The past couple of weeks have been pretty nerve-wracking for me. CBC’s The Hour with George Stroumboulopoulos is back for a second season and it makes my tummy hurt — the kind of ache that tells me trouble’s coming. I’m scared that Season 2 of The Hour will suck as much as Season 1 did.
Before we go any further, let me say I love the George. I’ve been a huge fan of his since he was on “The Nation’s Music Station,” and, unlike others, I never thought he was slumming. It was obvious MuchMusic was a stepping-stone to greater things. If Avi Lewis could be upwardly-mobile, why not George?
The transition to the CBC looked easy enough too. Stroumboulopoulos profiled Tommy Douglas for The Greatest Canadian and cleaned up. Unrestrained by CHUM’s increasingly corporate atmosphere, he imbued Douglas with a dynamic energy. He reignited interest in a man too easily forgotten by Canadians.
It got people thinking (okay it got me thinking): what would happen if they gave Stroumboulopoulos his own show? When ads for The Hour began to air, my pulse began to race. The potential blew my mind. Stroumboulopoulos was the average joe’s journalist, a guy we could relate to, someone to represent our concerns. Finally, we had one of our own at the Mother Corp. (Take my enthusiasm with a grain of salt; I think I was suffering from the flu at the time.)
Stroumboulopoulos’s move to the CBC signaled a changing of the guard. Fort Dork was going to lead a media revolution in mainstream media, and financial concerns were going to take a back seat to journalism with context.
I was being selfish of course. I had before me Brave New Waves, CBC Radio 3, a fourth season of ZED, and now a news show I could finally get behind. Swear to god, this culture vulture thought he had it good.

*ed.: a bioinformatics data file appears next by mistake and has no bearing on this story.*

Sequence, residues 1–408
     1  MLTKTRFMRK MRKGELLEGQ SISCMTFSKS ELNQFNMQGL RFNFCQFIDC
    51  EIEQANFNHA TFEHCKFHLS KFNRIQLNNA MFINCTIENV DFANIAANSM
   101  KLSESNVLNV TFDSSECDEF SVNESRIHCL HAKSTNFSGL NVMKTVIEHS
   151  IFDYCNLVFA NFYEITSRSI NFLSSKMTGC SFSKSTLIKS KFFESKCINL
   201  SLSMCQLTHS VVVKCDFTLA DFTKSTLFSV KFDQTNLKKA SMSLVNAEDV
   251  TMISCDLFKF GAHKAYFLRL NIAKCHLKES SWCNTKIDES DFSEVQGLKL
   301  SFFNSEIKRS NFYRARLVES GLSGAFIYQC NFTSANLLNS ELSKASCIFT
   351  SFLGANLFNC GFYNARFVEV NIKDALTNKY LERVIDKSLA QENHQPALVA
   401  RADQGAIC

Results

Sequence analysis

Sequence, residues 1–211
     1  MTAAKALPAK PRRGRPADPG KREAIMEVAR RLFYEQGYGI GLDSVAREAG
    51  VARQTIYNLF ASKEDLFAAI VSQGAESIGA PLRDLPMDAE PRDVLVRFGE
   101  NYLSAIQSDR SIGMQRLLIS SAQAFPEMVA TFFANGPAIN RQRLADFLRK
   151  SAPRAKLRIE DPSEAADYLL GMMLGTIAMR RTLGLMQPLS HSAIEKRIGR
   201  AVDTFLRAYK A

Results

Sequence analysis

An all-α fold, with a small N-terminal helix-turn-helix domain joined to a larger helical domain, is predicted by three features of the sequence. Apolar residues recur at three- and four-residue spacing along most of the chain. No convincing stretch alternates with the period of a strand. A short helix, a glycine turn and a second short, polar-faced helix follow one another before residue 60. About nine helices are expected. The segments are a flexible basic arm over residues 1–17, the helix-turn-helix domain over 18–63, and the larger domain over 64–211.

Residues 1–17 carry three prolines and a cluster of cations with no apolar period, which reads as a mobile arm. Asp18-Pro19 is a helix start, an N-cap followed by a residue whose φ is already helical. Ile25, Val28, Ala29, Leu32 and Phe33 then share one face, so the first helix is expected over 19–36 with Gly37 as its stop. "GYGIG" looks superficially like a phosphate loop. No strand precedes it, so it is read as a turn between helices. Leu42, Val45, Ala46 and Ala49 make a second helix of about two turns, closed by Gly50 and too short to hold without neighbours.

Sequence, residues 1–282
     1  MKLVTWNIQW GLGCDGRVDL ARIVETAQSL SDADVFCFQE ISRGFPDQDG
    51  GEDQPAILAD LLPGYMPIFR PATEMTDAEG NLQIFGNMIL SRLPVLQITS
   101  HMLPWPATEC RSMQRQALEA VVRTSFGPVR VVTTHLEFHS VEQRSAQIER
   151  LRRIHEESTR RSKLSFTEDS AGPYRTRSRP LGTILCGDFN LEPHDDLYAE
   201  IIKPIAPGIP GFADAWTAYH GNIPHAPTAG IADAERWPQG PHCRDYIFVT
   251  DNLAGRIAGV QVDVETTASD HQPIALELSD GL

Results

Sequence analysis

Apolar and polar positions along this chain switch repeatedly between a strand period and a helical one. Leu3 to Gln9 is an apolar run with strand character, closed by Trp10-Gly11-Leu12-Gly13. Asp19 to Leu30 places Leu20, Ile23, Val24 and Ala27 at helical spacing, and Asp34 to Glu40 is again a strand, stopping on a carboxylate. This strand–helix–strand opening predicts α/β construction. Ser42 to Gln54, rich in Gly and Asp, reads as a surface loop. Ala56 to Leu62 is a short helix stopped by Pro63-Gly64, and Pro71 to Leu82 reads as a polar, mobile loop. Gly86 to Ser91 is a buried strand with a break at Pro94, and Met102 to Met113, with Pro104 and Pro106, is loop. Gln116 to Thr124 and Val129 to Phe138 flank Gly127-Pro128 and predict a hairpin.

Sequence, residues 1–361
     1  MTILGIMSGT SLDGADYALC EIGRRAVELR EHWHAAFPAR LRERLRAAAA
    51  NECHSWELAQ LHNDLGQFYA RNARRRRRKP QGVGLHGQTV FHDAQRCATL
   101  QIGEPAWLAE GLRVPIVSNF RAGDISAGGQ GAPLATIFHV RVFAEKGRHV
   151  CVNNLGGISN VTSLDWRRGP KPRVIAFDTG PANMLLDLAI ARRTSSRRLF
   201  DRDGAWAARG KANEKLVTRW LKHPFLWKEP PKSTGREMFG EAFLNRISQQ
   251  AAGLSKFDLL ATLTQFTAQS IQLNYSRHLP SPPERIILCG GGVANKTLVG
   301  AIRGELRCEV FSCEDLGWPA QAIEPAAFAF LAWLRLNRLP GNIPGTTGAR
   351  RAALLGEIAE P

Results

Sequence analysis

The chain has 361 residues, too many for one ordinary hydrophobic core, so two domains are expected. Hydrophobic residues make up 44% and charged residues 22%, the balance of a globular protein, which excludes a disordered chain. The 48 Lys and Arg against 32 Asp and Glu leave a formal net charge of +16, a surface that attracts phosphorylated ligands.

What is that old cliché about hope? Oh yeah: reality defecates all over it.
The final season of ZED was truncated before getting the axe, Radio 3 doesn’t encourage participation anymore, and the first season of The Hour was “meh.” The crew worked hard, but nothing clicked. There was no real heat, just a little sizzle. But why? Where did it go wrong?
The Hour doesn’t feel like a vehicle for Stroumboulopoulos as much as it feels like a would-be replacement for The National. The only difference between the two is quicker edits on the former. There’s also that one brilliant teaser involving George, a bottle of Heineken, and a bowl of popcorn. But really, that’s it.
Stroumboulopoulos’s interview with Charles McVety is indicative of the show’s problems. McVety is a very right-leaning Chrisitian activist. His mission is to protect religion and marriage from homosexuals. He’s forthright about his goals and tenacious about achieving them. He’s the worst kind of bully: intellectually dishonest and loud. His TV appearances feature him shouting over other people in an attempt to prove how right he is.
Stroumboulopoulos doesn’t interview McVety as much as he handles the man. We don’t learn anything new about McVety, we don’t even see Stroumboulopoulos make any real effort to challenge McVety. What we get is a forum for McVety to spew his hateful message.
I honestly don’t want to bash on The Hour. I watch the show almost every night — Wednesdays are the exception since I produce my own show. I just want The Hour to be the program it promised it would be. And that’s the closer.